Researchers fake AIDS study
THE WASHINGTON TIMES
Three Maryland researchers have
admitted fabricating interviews with teenagers for a study on
AIDS prevention that received more than $1 million in federal
Lajuane Woodard, Sheila Blackwell and
Khalilah Creek were employed by the University of Maryland at
Baltimore's department of pediatrics as researchers on the
study, funded by a grant from the National Institutes of
The three admitted they made up
interviews with teenagers, which they had claimed took place
from May to August 2001, for the study on preventing the
transmission of HIV, the virus that causes AIDS. The
fabrication was first reported in the journal Research USA.
The study was designed to evaluate the
impact of "safe sex" counseling on black teens in
Baltimore housing developments. Congressional staffers said
the study, titled "Effectiveness of Standard Versus
Embellished HIV Prevention," received more than $1
million in NIH funds in 1999.
"It is terribly troubling that
federally funded research on a topic as sensitive and
important as HIV prevention for children, some as young as 13,
would be intentionally manipulated," said Rep. Mark
Souder, Indiana Republican and chairman of the House
subcommittee on criminal justice, drug policy and human
resources. "If not caught, the lives of countless
children may have been put at risk by ineffective, perhaps
dangerous, prevention messages developed from this fabricated
Results of the Baltimore study were
published in January in the journal Pediatrics by a group of
nine researchers led by Ying Wu of West Virginia University.
The study's objective was to determine
whether enhancing an existing AIDS prevention program called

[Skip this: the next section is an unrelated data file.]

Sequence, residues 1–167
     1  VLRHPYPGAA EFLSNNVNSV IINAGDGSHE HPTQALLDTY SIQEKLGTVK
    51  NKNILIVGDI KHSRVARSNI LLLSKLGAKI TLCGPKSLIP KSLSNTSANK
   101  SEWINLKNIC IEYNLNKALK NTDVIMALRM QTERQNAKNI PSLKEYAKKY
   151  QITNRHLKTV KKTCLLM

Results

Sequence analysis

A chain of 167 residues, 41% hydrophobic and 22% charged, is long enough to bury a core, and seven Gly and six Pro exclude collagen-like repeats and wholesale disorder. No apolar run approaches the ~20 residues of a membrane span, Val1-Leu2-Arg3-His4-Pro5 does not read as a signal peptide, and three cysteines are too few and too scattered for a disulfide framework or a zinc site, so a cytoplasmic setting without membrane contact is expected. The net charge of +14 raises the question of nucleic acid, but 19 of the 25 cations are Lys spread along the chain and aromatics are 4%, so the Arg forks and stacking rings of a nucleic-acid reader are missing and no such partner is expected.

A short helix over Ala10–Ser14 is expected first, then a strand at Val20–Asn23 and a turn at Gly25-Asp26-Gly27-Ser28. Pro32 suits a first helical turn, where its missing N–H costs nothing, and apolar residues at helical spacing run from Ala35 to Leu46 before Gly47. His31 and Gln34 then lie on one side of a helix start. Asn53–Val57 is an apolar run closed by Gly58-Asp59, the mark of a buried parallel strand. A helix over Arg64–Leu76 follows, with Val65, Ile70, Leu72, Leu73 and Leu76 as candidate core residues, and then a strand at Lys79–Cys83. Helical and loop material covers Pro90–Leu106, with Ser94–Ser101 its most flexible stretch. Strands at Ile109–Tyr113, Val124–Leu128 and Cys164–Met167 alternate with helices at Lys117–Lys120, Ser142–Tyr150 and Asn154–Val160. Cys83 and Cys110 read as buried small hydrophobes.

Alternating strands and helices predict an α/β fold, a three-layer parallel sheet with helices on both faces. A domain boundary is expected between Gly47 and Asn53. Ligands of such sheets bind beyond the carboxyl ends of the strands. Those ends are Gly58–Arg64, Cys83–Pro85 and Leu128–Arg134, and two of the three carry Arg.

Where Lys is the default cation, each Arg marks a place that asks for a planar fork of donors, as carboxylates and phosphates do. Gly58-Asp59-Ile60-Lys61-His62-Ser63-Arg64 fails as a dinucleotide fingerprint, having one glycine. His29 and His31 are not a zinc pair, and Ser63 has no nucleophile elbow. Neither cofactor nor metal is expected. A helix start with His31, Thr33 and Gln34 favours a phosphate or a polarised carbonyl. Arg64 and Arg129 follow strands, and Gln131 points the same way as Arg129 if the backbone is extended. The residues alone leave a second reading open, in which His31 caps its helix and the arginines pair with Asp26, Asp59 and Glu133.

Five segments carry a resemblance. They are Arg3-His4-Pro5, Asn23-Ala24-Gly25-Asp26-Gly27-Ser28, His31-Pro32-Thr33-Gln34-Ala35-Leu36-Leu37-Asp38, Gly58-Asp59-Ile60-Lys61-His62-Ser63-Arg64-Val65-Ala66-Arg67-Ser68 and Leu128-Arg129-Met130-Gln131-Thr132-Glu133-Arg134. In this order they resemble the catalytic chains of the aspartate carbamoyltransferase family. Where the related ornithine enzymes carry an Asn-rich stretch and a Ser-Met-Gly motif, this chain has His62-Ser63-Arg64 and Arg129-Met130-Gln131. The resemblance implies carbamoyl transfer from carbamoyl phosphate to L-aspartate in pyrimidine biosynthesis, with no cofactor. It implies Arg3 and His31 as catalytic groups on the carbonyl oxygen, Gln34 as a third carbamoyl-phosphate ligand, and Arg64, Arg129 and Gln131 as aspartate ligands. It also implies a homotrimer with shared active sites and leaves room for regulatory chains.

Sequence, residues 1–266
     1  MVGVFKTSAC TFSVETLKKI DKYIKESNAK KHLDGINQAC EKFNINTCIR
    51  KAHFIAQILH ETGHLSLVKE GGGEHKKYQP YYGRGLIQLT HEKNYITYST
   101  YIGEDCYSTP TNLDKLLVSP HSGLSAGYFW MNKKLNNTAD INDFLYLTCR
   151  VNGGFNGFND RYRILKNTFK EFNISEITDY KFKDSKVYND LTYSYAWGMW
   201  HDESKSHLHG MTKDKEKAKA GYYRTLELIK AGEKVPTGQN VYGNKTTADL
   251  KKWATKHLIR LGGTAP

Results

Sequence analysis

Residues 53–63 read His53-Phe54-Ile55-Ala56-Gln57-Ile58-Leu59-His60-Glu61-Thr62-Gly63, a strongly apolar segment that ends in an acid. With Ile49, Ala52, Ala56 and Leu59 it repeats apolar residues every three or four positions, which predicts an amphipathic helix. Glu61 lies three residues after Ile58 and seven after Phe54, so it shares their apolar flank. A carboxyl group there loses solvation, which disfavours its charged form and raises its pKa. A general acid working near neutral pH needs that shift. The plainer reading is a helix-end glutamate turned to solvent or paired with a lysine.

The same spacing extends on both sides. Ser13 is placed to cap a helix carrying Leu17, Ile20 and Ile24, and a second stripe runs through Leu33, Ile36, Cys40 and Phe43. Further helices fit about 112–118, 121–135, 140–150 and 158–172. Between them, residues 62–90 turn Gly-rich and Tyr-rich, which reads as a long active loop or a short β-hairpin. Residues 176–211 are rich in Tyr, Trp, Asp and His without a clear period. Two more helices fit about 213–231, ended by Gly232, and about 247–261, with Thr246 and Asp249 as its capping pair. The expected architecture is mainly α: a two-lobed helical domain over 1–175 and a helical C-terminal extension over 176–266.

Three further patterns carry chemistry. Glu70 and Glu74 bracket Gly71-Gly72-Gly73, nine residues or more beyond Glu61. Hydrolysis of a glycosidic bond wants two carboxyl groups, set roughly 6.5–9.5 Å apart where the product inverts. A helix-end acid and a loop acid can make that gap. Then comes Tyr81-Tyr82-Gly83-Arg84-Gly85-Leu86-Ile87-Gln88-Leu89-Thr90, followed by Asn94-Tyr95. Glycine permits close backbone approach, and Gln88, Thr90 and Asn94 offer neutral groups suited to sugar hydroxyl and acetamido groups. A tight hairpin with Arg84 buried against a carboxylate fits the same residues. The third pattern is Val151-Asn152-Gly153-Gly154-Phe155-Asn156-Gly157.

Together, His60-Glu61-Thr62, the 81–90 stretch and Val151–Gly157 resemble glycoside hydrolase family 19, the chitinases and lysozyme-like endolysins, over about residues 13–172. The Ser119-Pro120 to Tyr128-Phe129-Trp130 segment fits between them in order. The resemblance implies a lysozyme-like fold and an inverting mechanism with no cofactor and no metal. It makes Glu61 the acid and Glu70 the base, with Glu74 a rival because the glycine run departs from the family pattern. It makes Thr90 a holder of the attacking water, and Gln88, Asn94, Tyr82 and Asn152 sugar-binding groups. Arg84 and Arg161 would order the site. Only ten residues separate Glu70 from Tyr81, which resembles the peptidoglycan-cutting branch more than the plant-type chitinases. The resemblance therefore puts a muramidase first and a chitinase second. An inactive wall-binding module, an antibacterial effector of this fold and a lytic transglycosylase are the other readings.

Focus on Kids by adding "parental monitoring" would
have an effect on the children involved.
Editors of Pediatrics said yesterday
they were investigating the reported fabrications.
The study involved "817 black
youths aged 12 to 16 years," and found that youth whose
families participated in the enhanced Focus on Kids program
showed "significantly lower rates" for a variety of
risk behaviors, including sex without condoms and use of
cigarettes and alcohol.
The Focus on Kids program is a widely
used "safe sex" curriculum advertised by its
publisher, ETR Associates, as "proven effective."
"We would not comment on
this," said Constance Burr, spokeswoman for the National
Institute for Mental Health, the NIH division which funded the
study. Officials at the Office of Research Integrity had no
response to the report.
In the past year, House Republicans
have repeatedly criticized NIH funding of sex research
projects, including a $147,000 grant to a Northwestern
University professor who paid women to watch pornography while
measuring their sexual arousal.
In July, the House rejected on a
212-210 vote a measure sponsored by Rep. Patrick J. Toomey,
Pennsylvania Republican, that would have eliminated federal
funding for five sex studies.
But investigation of federally funded
sex research has come under fire by critics, including Rep.
Henry A. Waxman, California Democrat. In October, responding
to a list of research grants questioned by some House
Republicans, Mr. Waxman wrote to Health and Human Services
Secretary Tommy G. Thompson: "I urge you in the strongest
possible terms to denounce this scientific McCarthyism.
Imposing ideological shackles on this research would be a
serious public health mistake."
More recently, the New England Journal
of Medicine denounced congressional probes of research grants.
Such scrutiny risks turning sex research into a
"political football," warned the journal's editor,
Dr. Jeffrey Drazen.
"Science should have oversight
from Congress but it ought not to be at the level of specific
grants," Dr. Drazen told United Press International.
But Mr. Souder said the admissions of
fabrication in the Baltimore HIV study show the importance of
"This scandal underscores the
need for oversight of all federal programs — even NIH — to
ensure taxpayer dollars are not misspent and science is not
manipulated," the congressman said.